Hours before, Vladimir Putin said Russia has found the pair accused of poisoning former Russian spy Sergei Skripal and his daughter Yulia with novichok in Salisbury in March.
"We know who they are, we have found them", said Putin, speaking at an economic forum in Vladivostok.
On Wednesday morning, Mr Putin said: "We know who they are, we have found them. It will be better for everyone". "There is nothing particularly criminal there, I assure you", Putin said. That argument centred on how they made themselves overly visible to surveillance by taking the train to Salisbury and walking through the city, rather than going by private auto.
Russian Federation had previously said the names given to them by British prosecutors were meaningless.
Since the United Kingdom named the two suspects, US, France, Germany and Canada have agreed that the Russian government "almost certainly" approved the poisoning of the Skripals and have urged Russia to provide full disclosure of its Novichok programme.
"We have repeatedly asked Russian Federation to account for what happened in Salisbury in March, and they have replied with obfuscation and lies", Prime Minister Theresa May's spokesman told reporters.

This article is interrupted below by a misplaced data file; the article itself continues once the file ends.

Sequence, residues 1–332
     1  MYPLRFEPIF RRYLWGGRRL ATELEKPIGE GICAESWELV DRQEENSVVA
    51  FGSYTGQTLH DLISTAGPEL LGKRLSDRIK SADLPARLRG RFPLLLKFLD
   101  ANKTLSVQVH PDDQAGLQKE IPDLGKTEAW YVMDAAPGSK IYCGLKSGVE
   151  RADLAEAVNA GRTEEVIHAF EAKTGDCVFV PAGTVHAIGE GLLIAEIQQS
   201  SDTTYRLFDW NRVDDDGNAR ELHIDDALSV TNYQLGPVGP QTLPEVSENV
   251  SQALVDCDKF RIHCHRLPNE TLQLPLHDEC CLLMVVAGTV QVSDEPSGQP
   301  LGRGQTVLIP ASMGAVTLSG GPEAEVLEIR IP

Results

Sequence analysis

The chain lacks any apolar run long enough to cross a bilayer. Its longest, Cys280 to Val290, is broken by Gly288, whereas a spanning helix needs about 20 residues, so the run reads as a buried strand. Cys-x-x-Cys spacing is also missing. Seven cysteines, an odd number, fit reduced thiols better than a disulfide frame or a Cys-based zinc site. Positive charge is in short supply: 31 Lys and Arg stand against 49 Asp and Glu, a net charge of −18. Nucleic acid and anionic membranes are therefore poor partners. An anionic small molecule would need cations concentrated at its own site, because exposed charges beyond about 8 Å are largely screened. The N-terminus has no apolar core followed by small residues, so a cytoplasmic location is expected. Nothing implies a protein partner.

"I hope they will turn up themselves and tell about themselves", he said.
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Britain says the two men flew from Moscow to London in early March, from where they traveled to Salisbury in England and attempted to kill the Skripals. "Maybe later. Next week, I think", he said.
Prosecutors deem it futile to apply to Russian Federation for the extradition of the two men but a European Arrest Warrant has been obtained and the authorities are also seeking the assistance of Interpol. They spent weeks in hospital before being discharged.
According to British officials who have been combing CCTV footage in subsequent months, the two Russian nationals were seen arriving at London Gatwick Airport on March 2 before being spotted in Salisbury on March 3 and 4.
Officers formally linked the attack on the Skripals to events in nearby Amesbury when Dawn Sturgess, 44, and her partner Charlie Rowley, 45, were exposed to the same nerve agent.
Britain and dozens of other countries kicked out scores of Russian diplomats over the poisoning of the Skripals, and Moscow responded tit-for-tat with an identical number of expulsions.
Russian Federation has consistently denied any role in either incident.